Mercedes Benz Clean Diesel accused of being dirty
There was a time in our lives where we never uttered the phrase ‘emissions scandal’ now we’re lucky if we go a day without writing about it. Just as Volkswagen quietens down, Mercedes pipes up.
In a federal lawsuit filed in the United States, allegations have been made that the Mercedes-Benz ‘clean diesel’ models used a cheat device that allows the vehicles to deceive emissions standards tests when run at cooler temperatures, making them less environmentally friendly than advertised.
If these allegations sound familiar, it’s because the case mirrors the now-notorious Volkswagen emissions scandal that has seen stock prices plummet and over eleven million vehicles worldwide needing to be recalled to have their vehicles tweaked. Obviously a spokesperson for Mercedes’ parent company Daimler AG was profuse in their denial of the wrongdoing. Joerg Howe representing the firm labelled the lawsuit as “baseless” and vowed to fight against the suit. “All our vehicles comply with regulatory frameworks,” he is quoted as saying. “All our vehicles are certified according to the laws.”
The allegations made by a Mercedes owner from Illinois claims the device was used in its BlueTec cars to turn off a system implemented to reduce nitrogen oxide in the exhaust. The lawsuit implies that the device used in Mercedes models turned off pollution controls when temperatures dropped below fifty degrees Fahrenheit (that’s ten degrees Celsius to you and I). In the complaint filed, the allegations being made against the carmakers claim that “Mercedes never disclosed to consumers that Mercedes diesels with BlueTEC engines may be ‘clean’ diesels when it is warm, but are ‘dirty’ diesels when it is not. Mercedes never disclosed that, when the temperature drops below 50 degrees, it prioritizes engine power and profits over people.” What sets this case apart from the murky and never-ending Volkswagen case, however, is that Mercedes have, up to now, not knowingly tried to deceive any tests. The reason for their device shutting off is to protect the engine, according to claims in German magazine Der Spiegel.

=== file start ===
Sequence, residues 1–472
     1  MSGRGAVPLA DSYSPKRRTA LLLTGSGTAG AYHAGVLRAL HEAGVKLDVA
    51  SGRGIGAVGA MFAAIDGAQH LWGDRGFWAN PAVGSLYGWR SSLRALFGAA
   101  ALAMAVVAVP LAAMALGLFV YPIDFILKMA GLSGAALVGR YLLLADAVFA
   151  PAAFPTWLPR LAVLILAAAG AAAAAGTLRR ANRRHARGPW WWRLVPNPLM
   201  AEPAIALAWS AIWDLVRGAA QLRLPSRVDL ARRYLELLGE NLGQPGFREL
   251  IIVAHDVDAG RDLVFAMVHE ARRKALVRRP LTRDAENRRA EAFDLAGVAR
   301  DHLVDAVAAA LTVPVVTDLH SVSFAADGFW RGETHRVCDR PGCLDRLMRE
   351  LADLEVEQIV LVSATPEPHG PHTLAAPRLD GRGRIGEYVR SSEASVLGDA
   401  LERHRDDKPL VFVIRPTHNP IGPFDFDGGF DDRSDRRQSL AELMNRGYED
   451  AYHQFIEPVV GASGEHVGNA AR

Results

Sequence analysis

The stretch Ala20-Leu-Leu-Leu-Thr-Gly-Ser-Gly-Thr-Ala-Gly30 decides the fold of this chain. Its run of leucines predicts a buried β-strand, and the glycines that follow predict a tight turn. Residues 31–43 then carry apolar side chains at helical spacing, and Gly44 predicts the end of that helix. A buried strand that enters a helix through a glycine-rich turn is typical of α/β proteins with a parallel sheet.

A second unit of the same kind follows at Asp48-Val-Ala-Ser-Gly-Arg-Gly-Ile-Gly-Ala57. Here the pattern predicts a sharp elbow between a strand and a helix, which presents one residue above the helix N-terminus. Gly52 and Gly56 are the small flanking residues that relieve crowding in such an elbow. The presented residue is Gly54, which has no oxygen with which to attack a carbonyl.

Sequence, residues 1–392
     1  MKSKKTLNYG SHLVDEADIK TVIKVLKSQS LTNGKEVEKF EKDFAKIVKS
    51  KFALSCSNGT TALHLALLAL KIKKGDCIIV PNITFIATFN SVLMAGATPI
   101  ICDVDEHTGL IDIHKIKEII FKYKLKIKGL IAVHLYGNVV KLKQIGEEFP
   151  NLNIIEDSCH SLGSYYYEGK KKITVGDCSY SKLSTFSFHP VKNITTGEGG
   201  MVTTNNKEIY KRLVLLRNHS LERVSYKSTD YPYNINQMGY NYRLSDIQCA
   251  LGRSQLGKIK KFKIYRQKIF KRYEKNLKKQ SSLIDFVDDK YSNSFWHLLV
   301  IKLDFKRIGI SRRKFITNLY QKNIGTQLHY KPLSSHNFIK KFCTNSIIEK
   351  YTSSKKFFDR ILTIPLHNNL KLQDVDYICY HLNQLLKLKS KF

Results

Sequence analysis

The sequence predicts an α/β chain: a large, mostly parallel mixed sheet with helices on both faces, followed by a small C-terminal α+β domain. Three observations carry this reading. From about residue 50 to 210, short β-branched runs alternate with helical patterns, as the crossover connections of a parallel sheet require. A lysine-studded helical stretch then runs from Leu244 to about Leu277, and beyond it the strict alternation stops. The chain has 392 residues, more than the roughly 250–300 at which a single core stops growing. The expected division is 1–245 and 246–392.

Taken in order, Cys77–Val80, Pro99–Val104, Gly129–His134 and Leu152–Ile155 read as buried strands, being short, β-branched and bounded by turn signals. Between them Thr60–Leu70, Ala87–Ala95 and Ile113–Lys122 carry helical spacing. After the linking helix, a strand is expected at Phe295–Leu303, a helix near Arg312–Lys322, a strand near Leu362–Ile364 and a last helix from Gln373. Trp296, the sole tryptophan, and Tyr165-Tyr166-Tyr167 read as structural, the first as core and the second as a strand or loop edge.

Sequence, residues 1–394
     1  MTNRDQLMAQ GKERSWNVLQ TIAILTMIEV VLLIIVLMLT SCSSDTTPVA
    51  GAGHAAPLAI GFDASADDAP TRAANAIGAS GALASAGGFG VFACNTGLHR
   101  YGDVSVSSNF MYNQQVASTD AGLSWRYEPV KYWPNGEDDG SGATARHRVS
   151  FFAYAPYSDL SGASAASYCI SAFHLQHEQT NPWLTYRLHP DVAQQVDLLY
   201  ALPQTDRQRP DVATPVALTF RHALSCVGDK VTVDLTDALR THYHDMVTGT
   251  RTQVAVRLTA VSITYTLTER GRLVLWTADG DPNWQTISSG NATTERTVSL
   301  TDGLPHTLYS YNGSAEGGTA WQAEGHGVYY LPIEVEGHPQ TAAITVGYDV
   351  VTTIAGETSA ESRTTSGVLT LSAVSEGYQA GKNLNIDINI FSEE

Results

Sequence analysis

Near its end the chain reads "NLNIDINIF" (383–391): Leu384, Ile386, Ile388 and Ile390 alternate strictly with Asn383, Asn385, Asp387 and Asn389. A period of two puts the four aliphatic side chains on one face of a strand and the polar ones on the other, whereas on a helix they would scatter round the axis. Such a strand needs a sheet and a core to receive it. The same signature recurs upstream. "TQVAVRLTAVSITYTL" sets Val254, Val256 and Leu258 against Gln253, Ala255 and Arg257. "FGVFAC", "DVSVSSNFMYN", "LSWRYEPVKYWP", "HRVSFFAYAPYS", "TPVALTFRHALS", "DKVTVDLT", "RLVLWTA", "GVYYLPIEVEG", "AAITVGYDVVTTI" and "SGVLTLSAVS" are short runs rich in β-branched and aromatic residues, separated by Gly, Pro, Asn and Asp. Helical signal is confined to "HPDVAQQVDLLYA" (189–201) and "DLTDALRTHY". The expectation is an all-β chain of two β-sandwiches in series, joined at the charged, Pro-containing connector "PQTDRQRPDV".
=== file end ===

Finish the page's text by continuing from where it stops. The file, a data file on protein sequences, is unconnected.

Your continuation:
Though it is normal for nitrogen results emitted in laboratory conditions to be lower than real world figures, the bad news for Mercedes is that a spokesperson for independent testing agency TNO has said that “It’s normal that emissions [to] be higher but not in the range they are now.” Consumers and industry leaders alike are particularly sensitive to fraudulent and corrupt behaviour in the automobile industry following Volkswagen’s emission scandal, so this lawsuit may be harder to overcome than Mercedes may think. It is reported by Bloomberg that the suit is ‘seeking a court order compelling Mercedes to recall the affected models or replace them for free, in addition to unspecified damages. The law firm is proposing to represent a nationwide class that includes all U.S.-based residents and entities that bought or leased an affected vehicle as of this month.’
What with Volkswagen’s global flogging and now the potential for Mercedes to join the company in the gallows, it has most definitely not been the smoothest of rides for the automobile industry.